In 2019, the Ministry of the Environment seized a monkey named Estrellita from a family in Ambato who had taken the monkey as a baby from the wild and raised her as a pet for 18 years. After years with the family, the monkey had never grown up in a wild environment. The monkey was reported to the authorities, who seized the animal and transferred her to a zoo (Ecuadorian law prohibits wild animals as pets), where the monkey soon died. Ana, who identified as Estrellita’s mom, then sued, citing habeas corpus, to attempt to get the monkey returned to her custody (she didn’t know the monkey had died in the zoo). The family lost in the first and second instances because the courts said that habeas corpus only applies to humans, and that there is no case because Estrellita died.
The Constitutional Court selected the case to establish binding jurisprudence on whether Ecuador’s constitutional Rights of Nature provisions apply to individual wild animals. Up to now, rights of nature had only been applied to species of animals (e.g., sharks, endangered species). The Constitutional Court considered whether Nature’s rights were violated when Estrellita was removed from her natural habitat, kept in an urban home, and seized by authorities and transferred to the zoo.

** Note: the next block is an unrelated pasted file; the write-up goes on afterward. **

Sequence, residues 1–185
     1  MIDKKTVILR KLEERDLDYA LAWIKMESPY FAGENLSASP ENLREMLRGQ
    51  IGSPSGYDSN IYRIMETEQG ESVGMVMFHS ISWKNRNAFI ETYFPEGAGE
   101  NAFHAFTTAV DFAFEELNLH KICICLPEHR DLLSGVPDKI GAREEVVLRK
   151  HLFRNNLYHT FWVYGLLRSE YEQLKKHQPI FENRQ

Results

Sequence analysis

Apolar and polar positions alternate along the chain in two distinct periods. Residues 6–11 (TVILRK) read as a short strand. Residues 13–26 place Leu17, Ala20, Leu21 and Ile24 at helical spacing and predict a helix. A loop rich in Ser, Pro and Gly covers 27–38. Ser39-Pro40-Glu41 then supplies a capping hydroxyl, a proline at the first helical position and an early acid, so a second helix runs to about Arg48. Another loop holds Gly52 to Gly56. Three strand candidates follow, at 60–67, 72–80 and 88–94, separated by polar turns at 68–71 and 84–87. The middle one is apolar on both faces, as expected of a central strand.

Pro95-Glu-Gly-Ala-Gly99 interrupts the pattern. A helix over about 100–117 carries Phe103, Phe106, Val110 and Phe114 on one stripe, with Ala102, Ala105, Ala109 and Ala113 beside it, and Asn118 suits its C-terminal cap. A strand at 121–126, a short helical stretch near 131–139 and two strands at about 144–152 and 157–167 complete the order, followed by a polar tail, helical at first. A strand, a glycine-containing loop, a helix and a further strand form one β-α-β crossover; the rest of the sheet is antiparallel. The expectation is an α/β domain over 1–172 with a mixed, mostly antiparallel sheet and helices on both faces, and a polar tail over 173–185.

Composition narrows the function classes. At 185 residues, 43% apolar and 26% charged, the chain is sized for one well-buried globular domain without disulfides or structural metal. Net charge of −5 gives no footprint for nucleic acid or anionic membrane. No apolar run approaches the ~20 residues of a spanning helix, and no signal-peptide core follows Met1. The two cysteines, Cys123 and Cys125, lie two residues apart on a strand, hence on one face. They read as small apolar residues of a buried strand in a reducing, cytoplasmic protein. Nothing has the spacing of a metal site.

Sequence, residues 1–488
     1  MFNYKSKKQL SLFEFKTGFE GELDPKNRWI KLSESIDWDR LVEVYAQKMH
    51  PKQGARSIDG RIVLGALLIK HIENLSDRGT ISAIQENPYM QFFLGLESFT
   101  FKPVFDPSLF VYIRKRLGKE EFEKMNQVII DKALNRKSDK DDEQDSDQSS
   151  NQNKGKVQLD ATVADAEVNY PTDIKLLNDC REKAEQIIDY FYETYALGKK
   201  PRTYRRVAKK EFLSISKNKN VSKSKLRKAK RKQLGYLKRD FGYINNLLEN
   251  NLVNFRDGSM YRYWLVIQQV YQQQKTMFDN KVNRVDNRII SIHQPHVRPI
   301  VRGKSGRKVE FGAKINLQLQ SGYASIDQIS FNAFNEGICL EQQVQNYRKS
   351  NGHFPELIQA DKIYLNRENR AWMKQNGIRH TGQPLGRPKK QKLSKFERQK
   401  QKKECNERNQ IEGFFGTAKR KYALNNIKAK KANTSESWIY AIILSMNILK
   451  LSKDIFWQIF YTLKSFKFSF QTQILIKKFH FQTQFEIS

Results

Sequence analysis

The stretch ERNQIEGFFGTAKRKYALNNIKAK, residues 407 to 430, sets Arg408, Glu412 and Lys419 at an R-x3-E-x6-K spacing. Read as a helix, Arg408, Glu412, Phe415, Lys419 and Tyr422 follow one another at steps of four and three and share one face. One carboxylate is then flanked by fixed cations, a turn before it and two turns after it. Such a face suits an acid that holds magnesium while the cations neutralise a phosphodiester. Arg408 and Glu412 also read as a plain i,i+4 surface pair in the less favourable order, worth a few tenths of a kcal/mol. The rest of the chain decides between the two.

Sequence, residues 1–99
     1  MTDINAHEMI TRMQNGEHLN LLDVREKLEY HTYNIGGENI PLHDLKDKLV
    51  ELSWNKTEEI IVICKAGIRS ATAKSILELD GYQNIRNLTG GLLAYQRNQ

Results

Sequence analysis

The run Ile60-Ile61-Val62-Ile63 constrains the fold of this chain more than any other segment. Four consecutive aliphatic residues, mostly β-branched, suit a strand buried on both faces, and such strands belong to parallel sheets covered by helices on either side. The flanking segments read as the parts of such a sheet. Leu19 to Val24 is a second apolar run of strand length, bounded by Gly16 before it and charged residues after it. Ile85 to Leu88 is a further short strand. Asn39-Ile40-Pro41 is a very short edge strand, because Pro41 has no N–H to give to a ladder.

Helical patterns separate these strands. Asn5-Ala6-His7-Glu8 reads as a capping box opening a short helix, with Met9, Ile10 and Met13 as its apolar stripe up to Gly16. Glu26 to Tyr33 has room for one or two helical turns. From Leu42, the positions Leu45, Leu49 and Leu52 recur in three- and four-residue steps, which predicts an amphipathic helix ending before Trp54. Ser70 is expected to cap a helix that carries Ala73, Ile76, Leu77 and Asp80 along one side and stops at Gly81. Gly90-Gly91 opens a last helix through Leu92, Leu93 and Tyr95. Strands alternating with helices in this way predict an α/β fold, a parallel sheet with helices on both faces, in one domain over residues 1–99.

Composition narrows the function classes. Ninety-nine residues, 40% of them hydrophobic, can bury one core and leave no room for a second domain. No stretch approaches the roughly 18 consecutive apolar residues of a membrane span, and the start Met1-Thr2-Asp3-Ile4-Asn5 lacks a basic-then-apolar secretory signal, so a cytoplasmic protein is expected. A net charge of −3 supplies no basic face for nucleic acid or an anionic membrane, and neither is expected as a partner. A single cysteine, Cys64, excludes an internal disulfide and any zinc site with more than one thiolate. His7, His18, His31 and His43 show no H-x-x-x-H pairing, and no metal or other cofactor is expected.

In January 2022, the Constitutional Court ruled that Ecuador’s constitutional Rights of Nature provisions do apply to individual animals, stating that “animals should not be protected only from an ecosystemic perspective or with a view to the needs of human beings, but mainly from a perspective that focuses on their individuality and intrinsic value.” Consequently the court found that Estrellita’s rights – specifically to life and to integrity – had been violated in each of these instances, and therefore the rights of nature were also violated. While the court found the habeas corpus “inadmissible because it revolves around the recovery of the corpse of a wild animal,” by admitting it for constitutional review, they affirmed that individual wild animals are subjects of rights under the rights of nature.